I believe this glass rolling pin may have been made by my grandfather's brother, Joseph Pote. He was a glassblower around the late 1800s and lived in East Stroudsburg, Pa., for a while.

Dear Helaine and Joe:

I believe this glass rolling pin may have been made by my grandfather's brother, Joseph Pote. He was a glassblower around the late 1800s and lived in East Stroudsburg, Pa., for a while. The piece has a hole in one end, which I think was where a cork might be placed. Could you supply some information about it? Thanks for your help. -- C.R., Aiken, S.C.

Dear C.R.:

The Etruscans are thought to be the first people to have used rolling pins for food preparation. In more modern kitchens, rolling pins can be found made of wood, ceramic, marble, stainless steel, copper, aluminum and silicone, but seldom does a glass rolling pin turn up in a drawer.

When most collectors think of glassware made in Pennsylvania, they think either of the many factories located in the Pittsburgh area or perhaps the Northwood Glass Co. (later Dugan-Diamond) located in Indiana, Pa. Both locations are in the western part of the state (Indiana is a little more central than Pittsburgh), but East Stroudsburg is located in the far northeastern portion.

We suspect that if Joseph Pote made this piece, he probably did so in Pittsburgh. Glass rolling pins were commonly made there for kitchen use, but sometimes the workers would make a special example to give as a love token to a mother or sweetheart.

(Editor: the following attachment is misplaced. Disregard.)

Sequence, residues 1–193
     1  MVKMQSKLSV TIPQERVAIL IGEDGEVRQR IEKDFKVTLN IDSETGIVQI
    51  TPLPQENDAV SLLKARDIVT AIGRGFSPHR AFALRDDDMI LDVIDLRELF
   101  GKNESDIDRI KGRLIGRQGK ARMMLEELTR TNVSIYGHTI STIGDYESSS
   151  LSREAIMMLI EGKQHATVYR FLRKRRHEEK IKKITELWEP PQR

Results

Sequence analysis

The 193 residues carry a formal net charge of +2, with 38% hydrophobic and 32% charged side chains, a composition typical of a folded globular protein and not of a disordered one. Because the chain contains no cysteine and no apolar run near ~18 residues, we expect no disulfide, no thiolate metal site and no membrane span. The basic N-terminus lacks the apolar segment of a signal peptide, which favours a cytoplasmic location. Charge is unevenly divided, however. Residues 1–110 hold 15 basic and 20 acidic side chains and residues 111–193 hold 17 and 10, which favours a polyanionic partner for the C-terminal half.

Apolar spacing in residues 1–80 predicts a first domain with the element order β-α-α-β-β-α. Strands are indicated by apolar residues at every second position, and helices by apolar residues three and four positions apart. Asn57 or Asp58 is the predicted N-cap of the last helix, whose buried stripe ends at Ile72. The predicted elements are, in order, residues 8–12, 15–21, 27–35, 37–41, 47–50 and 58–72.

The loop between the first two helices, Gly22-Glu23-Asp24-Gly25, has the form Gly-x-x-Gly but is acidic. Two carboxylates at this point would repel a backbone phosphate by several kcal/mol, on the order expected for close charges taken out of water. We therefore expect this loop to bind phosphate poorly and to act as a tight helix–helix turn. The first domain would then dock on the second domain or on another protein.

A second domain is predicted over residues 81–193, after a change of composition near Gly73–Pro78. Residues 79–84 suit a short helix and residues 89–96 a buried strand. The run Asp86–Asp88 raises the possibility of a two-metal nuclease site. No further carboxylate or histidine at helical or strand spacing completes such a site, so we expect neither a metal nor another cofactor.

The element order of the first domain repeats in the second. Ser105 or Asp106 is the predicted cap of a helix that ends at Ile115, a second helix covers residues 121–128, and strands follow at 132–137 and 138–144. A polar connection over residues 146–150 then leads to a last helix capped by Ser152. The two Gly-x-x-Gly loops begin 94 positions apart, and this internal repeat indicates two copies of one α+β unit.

Many might describe the decoration on this piece as being in the style of Nailsea, an English glass house located about seven miles from Bristol. Others might call the decoration "drag loop," and some Englishmen (or women) might say that this piece is "festooned" glassware.

We believe this rolling pin was made in either the 1870s or 1880s (it is hard to be more precise without a little more family history). Along with being made as a gift for a loved one, it might also have been made to show the glassblower's skill. Glass craftsmen often made objects such as glass parade canes and long chains of glass loops to display their skills to the public.

As for the hole in one end of this rolling pin, it was there to allow cold water to be placed inside the barrel. The end was sealed with a cork, as C. R. surmised. This cold water facilitated the dough-rolling process by keeping such items as puff pastry cool, and the water gave the rolling pin more heft for pushing and rolling the dough.

In the 19th century, rolling pins could have been quite elaborate. Some were painted with images of ships and messages, such as "A Present From a Friend" or "A Present to My Mother From Her Son." Glass examples were spattered with several types and colors or came in solid colors that ran the gamut from clear colorless to red, blue, green and white.

If C. R. can present a reasonable case for this particular rolling pin to have been made at a particular glasshouse in Pennsylvania by her relative, it would be valued at about $650. But without this provenance, the insurance replacement value ranges from $300 to $400.
    
Helaine Fendelman and Joe Rosson are the authors of  "Price It Yourself" (HarperResource, $19.95). Contact them at Treasures in Your Attic, P.O. Box 27540, Knoxville, TN 37927. Email them at treasures@knology.net.